What is Neuropathy?
Before addressing this question I need to point out that, while the definition of neuropathy is fairly precise, the understanding of where it comes from does not always reflect that precision. Neuropathy happens when nerves outside the spinal cord and brain become damaged. This is generally called peripheral neuropathy.
There are three very basic and broad categorizations of neuropathy. There are over a hundred separate variations of neuropathy, so when I say basic, I really mean basic.
Mononeuropathy- There is only one nerve involved in this category of neuropathy. Carpal tunnel syndrome is a classic example of this.
Multiple Mononeuropathy- There are two or more nerves individually affected in this category. Those unlucky enough to get hit with two instances of this may experience something like carpal tunnel syndrome coupled with a nerve palsy of some type.
Polyneuropathy- There is more a generalized involvement of an area of nerves in this category. The most prevalent example would be diabetic neuropathy.
With so many different variations of neuropathy, finding the exact cause of the disorder can be difficult. When there can be no known cause defined, this is called idiopathic neuropathy. Idiopathic neuropathy makes up approximately 30% of all documented cases of neuropathy. Another 30% of all documented cases come from diabetes. This category of neuropathy is known as diabetic neuropathy. Approximately 50% of all those diagnosed with diabetes develop diabetic neuropathy. The remaining 40% of all neuropathy cases come from varying causes, including:
- Trauma or pressure on nerves, repetitive motions tend to cause this, typing on a keyboard for instance.
- Poor nutrition or vitamin deficiencies, often a lack of B vitamins
- Autoimmune diseases
- Tumors that press against nerves
- Diseases and infections
- Inherited disorders (hereditary neuropathies)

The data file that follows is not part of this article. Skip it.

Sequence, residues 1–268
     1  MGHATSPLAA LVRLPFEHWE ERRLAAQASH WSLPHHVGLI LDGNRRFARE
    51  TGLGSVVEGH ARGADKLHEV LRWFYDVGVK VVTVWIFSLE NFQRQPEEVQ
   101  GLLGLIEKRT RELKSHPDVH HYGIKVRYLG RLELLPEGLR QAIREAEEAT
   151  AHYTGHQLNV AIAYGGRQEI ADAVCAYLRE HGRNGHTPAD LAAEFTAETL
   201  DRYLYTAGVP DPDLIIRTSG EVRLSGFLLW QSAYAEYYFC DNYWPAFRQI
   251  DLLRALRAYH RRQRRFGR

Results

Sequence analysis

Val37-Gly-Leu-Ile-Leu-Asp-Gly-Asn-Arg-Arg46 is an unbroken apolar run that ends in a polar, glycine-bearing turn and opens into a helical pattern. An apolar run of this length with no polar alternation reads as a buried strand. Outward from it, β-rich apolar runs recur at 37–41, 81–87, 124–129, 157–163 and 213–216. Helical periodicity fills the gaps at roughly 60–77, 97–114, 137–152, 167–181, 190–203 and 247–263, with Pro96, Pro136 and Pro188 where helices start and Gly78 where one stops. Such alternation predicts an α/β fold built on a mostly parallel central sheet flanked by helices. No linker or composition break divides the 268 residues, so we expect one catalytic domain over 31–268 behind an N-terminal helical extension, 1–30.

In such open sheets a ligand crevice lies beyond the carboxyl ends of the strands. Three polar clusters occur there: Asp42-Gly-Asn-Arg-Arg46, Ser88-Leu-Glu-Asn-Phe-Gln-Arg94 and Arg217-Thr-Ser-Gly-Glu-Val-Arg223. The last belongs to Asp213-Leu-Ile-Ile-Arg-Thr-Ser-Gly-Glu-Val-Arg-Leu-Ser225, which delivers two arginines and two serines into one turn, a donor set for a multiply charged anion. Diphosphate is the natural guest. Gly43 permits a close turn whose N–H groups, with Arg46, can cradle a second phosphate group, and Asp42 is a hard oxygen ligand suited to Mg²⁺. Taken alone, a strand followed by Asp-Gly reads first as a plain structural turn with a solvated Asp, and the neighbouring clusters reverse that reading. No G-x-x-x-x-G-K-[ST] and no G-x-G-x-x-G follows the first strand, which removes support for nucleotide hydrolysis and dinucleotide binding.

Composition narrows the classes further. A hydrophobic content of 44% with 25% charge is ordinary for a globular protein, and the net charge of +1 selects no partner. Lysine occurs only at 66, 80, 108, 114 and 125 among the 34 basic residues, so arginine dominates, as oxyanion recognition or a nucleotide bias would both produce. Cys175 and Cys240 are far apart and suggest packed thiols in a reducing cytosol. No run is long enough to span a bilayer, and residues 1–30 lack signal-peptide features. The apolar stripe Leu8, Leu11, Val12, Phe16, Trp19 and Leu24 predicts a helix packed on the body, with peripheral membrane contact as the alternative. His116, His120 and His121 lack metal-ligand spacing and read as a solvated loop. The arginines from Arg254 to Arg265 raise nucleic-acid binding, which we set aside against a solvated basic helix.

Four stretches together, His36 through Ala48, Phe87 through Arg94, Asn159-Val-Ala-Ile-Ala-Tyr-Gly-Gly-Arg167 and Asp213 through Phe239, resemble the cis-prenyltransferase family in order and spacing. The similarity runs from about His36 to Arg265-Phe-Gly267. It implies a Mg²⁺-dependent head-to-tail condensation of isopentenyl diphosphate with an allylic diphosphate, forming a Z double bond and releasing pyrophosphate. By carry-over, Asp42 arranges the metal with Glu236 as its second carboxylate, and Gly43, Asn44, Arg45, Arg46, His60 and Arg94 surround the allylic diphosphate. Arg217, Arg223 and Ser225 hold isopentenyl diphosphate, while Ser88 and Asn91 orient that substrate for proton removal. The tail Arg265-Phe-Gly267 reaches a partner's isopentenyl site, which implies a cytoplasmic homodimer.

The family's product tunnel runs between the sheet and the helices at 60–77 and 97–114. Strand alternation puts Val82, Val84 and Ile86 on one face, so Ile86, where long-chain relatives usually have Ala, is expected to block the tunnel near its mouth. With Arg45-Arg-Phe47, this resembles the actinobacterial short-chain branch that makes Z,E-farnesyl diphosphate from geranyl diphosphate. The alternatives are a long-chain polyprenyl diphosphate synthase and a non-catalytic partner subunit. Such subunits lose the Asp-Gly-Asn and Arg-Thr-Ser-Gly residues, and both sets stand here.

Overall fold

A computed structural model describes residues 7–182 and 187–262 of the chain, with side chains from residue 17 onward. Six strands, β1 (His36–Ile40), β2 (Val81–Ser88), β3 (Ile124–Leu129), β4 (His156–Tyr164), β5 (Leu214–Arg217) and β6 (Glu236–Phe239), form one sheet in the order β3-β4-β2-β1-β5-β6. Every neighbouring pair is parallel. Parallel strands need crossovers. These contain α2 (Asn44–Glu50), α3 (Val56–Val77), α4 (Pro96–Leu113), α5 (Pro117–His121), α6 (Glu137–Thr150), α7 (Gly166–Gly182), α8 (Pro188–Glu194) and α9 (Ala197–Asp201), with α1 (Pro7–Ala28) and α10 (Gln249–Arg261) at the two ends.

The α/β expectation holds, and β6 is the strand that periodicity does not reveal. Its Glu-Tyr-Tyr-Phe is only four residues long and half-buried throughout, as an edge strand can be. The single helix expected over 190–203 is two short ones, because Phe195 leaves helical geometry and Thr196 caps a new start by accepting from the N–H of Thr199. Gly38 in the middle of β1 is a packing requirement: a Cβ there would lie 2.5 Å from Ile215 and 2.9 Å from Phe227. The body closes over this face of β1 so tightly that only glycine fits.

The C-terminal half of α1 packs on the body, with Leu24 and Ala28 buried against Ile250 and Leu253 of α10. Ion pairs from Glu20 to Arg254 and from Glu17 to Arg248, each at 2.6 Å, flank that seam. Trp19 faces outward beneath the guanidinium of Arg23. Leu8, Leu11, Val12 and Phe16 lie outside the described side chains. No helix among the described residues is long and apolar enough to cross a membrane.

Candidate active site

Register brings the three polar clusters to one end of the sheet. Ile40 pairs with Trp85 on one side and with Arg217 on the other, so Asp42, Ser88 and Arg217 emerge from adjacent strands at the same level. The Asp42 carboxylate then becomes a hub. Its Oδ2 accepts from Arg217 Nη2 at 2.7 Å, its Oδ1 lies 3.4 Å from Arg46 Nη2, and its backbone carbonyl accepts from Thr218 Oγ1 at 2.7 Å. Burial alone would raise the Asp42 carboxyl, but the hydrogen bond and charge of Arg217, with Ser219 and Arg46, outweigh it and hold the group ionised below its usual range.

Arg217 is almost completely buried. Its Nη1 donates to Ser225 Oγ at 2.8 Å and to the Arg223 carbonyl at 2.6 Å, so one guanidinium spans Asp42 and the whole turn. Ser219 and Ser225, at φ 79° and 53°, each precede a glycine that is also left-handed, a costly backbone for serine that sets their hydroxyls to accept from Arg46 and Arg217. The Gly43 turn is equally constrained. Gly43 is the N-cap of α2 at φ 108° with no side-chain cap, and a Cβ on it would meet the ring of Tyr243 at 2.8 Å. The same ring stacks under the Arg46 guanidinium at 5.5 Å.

- Poison, exposure to heavy metals, certain medications and cancer treatments
The symptoms of neuropathy are greatly dependent upon the location of the affected nerves and the classification that the neuropathy falls under. Many times, with polyneuropathy, the affected nerve cluster can radiate pain to a greater area of the body because of its centralized location. If the nerves affected are a motor (movement) cluster than common symptoms may include muscle weakness, cramps and spasms. This type of damage can often lead to a loss of balance and coordination.
Sensory (feeling) nerve clusters that are damaged by neuropathy can cause a plethora of symptoms. Most common among these are an impaired sense of position, tingling, numbness, pinching and pain. This type of damage is often described as burning, freezing, or electric-like. On the opposite side of the coin, many have described an actual lack of feeling in the area where the damage occurs, a numbness of sorts.
Autonomic (internal processes) nerve damage affects internal organs and functions that we usually don't pay attention too. This damage often leads to abnormal blood pressure and heart rate, reduced ability to perspire, constipation, bladder dysfunction, diarrhea, incontinence, sexual dysfunction and thinning of the skin.
I encourage any and all who may be experiencing any type of pain that has been described above to get some advice from a health professional, neuropathy is not something that should be left unattended.